Yes, it is a quirky title, but the whole idea in changing times is to encourage dealers to start thinking ‘out of the box’. So who might dealers collaborate with to help drive and share online and showroom footfall? It’s all about creating a broader customer (or potential customer experience) even if their primary reason for visiting was not to buy a car!
In making this statement, I do so on the basis that it is important to take a look at the wider operating environment to see what is happening, good and bad and see what we might learn. Following my own advice, I’ve been looking at High St retailing. Like it or not, I cant help feeling we can’t ignore the reality that what is happening there could start to be a greater factor in car retailing. Here is what I found and my observations;
2019 is set to be another tough year for retailers, or so some interesting research in Retail Gazette suggests:
• Over 175,000 jobs are set to be shed from the UK’s retail industry
• A further 23,000 shops are expected to close this year
• And (importantly) 62 percent of major UK property owners and investors think that e-commerce is disrupting the commercial real estate industry and is having a ‘profound effect’ on their decision-making
The findings were part of an annual report (published today 21/01/19) surveying over 400 major property owners and investors from around the world, each with more than £200 million of assets under management.
Having been involved with Woolworths, I have first-hand experience of watching a business failing to embrace change. What I saw then and what is even more abundantly clear is the ‘Amazon Effect’ and its impact on our High Streets and shopping centres. When it comes to car retailing, I don’t believe that our market is immune from such rapid change.
Progress cannot be stopped, so, in a Darwinian manner, it is how the industry adapts that matters. Last year, motor retailers switched onto the potential of used cars to offset a falling new car market. However, I suggest that the digital challenge is more profound than simply a change in new v used. The industry needs a better solution.
Returning to that retail research, it appears that all is lost for the High street. 78 percent of UK property owners are moving towards experiential retailing to tap into the growing trend of experience-led shopping. So could motor retailers follow the same path? It certainly has merit. To succeed, bricks-and-mortar spaces (the showroom) need to adapt to a very different usage approach, mixing leisure and lifestyle factors, according to the research; but, are car retailers ready for this?
I think they could look to collaborate with like-minded businesses, where there is the capacity for a shared gain, as the way forward. It is all about a willingness to share that potential opportunity.
When it comes to collaboration, there are rational levels; BMW and Daimler combining their mobility businesses into one equally-owned joint venture late in 2018, but arguably more interesting was Toyota’s collaboration with Pizza Hut, Amazon, Mazda, Uber and Chinese ride-hailing business Didi Chuxing when it announced its electric concept vehicle last year.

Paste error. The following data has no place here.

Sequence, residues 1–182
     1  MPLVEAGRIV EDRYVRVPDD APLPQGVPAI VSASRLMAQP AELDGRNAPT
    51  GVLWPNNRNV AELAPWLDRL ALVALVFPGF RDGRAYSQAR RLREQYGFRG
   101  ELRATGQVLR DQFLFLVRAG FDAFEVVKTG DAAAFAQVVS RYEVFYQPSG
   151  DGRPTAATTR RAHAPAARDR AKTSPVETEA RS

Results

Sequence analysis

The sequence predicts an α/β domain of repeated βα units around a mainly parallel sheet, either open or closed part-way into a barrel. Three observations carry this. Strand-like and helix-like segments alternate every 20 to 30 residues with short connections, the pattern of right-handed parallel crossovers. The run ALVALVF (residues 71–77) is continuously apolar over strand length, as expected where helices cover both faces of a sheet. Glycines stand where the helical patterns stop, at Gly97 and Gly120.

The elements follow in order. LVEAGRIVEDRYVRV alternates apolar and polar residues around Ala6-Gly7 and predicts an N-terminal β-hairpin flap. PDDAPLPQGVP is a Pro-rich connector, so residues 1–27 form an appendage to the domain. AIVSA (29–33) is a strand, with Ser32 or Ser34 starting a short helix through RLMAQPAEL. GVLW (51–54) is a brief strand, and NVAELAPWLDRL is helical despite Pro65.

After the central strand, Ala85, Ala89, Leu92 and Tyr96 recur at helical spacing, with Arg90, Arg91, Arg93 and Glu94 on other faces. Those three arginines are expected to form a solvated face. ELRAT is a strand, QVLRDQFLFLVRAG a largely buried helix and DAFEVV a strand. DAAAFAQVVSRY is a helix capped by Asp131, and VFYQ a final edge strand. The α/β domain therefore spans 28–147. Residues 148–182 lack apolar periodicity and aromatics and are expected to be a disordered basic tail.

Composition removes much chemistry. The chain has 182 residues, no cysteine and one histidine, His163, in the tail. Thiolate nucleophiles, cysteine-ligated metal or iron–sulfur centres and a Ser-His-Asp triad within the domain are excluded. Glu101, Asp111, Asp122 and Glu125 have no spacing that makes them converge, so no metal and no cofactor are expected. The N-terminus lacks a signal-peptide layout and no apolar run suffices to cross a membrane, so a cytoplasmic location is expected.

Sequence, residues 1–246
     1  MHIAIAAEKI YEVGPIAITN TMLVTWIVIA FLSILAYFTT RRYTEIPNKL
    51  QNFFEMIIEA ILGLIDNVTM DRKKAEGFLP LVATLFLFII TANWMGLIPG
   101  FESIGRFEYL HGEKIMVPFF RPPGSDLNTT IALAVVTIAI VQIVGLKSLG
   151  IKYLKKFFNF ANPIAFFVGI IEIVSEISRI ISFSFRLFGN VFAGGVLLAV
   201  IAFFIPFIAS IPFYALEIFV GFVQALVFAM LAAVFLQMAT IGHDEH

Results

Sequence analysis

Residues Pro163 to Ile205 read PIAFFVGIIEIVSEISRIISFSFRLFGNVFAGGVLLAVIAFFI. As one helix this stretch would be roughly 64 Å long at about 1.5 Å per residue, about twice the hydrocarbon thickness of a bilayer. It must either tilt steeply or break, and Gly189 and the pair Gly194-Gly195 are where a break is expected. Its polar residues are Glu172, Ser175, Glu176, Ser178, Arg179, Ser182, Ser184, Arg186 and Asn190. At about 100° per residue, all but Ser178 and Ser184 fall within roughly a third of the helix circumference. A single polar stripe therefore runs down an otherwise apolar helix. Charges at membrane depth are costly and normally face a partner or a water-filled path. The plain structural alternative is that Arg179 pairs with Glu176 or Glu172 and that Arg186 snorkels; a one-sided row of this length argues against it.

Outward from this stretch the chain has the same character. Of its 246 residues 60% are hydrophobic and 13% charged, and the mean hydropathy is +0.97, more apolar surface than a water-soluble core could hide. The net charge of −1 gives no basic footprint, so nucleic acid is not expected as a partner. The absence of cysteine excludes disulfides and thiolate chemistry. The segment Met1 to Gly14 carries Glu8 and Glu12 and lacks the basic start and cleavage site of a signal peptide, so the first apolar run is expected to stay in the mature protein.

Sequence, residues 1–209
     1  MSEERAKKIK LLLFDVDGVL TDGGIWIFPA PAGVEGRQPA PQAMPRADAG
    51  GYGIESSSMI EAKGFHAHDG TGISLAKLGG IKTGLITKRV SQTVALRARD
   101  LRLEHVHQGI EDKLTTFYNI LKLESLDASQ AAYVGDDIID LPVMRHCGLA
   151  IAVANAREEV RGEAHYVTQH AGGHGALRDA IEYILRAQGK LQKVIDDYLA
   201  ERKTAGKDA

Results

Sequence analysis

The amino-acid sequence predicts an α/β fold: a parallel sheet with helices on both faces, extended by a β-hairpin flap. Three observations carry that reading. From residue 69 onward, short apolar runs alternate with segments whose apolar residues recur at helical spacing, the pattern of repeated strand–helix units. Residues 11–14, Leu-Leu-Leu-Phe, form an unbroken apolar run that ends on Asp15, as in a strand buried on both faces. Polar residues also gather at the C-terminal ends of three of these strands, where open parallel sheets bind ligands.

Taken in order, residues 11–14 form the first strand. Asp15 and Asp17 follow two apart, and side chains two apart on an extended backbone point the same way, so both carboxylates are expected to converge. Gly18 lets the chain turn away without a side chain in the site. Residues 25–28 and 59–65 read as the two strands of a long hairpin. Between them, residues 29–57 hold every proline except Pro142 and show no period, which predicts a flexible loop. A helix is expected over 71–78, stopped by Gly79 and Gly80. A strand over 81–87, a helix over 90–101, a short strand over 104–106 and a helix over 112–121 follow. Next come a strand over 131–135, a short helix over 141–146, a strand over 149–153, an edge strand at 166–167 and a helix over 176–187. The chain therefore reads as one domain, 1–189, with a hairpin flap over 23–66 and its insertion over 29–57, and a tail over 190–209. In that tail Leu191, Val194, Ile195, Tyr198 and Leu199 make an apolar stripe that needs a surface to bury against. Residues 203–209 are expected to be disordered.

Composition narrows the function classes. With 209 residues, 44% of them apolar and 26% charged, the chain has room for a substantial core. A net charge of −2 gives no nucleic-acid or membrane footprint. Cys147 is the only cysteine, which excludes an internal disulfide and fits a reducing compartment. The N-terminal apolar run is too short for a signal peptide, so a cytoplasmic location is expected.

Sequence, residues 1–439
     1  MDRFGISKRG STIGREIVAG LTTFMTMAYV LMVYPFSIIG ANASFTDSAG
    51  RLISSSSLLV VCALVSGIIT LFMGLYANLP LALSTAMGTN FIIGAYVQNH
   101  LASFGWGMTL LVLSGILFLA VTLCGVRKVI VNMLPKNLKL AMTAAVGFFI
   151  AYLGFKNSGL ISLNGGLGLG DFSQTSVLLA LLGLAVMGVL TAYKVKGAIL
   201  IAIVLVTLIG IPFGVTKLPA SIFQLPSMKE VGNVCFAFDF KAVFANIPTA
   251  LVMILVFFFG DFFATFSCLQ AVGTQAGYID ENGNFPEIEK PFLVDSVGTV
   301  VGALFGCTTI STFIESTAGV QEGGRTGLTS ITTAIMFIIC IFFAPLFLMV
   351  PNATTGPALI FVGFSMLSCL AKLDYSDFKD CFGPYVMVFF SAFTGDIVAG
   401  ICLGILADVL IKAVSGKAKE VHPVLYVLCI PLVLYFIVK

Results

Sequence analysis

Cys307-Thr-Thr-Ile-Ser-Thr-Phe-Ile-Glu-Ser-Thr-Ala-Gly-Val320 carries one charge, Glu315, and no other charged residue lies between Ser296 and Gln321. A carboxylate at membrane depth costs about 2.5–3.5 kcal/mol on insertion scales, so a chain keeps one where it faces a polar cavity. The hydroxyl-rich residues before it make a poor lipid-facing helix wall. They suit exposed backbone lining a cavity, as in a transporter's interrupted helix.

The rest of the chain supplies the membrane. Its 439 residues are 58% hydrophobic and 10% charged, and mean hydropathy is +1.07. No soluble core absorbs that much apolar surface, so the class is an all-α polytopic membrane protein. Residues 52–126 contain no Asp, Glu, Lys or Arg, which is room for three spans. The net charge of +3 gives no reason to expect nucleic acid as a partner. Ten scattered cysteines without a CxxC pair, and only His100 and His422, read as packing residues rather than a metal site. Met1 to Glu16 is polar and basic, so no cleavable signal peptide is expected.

For car dealers, collaboration ought to come naturally given the importance of relationships, such as those with manufacturers and finance providers. However, the evidence often suggests that these ‘partnerships’ fall well short of true collaboration. The desire by both parties to exert control can become a source of stress and disruption. The latter being entirely inappropriate when other disruptors are waiting in the wings.
At the very least, adversarial partnerships can add time, cost and confusion and in a low margin business such as car retailing, these are inappropriate.
The way forward has to be in considering the strengths and weaknesses of the dealer model and doing it honestly and then looking to see how the business ‘bricks’ real estate and the appeal of cars and its customers could be leveraged by others. Conversely, what businesses have access to potential customers, technology, marketing/CRM expertise, customer care and potential footfall that could benefit the dealer?
At the heart of this is the customer. The age-old debate about ‘who owns the customer?’ is probably well and truly over; the customer owns with whom they choose to work. This may have been helped by GDPR, but in reality, it is a combination of regulatory, technology and cultural changes that have changed things. Success in business B2c and B2B will increasingly be about ‘hooking up’ with like-minded businesses to delight the customer and make it easy for them to access the products and services they want when they want them.
Over the last decade, at Codeweavers we have benefitted from genuine collaboration with a range of partners across the distribution chain. The impact has been to make that chain work more effectively’; less friction, less cost, greater speed and fewer breakdowns.
The traditional car retailing and manufacturing sector knows that a series of established and emerging disruptors have their eyes on the market. Without any significant barriers to entry, armed with a better technology and service experience, they can thrive if the incumbents fail to address their shortfalls. Finding the right bedfellows can help to reinvigorate retailers, but this will only succeed if the spirit of collaboration is shared in every way.
The starting point for collaboration is less who and more how and why could this work for us both? With some lateral thinking, the opportunities for better customer experience and a mutual win-win are surely there?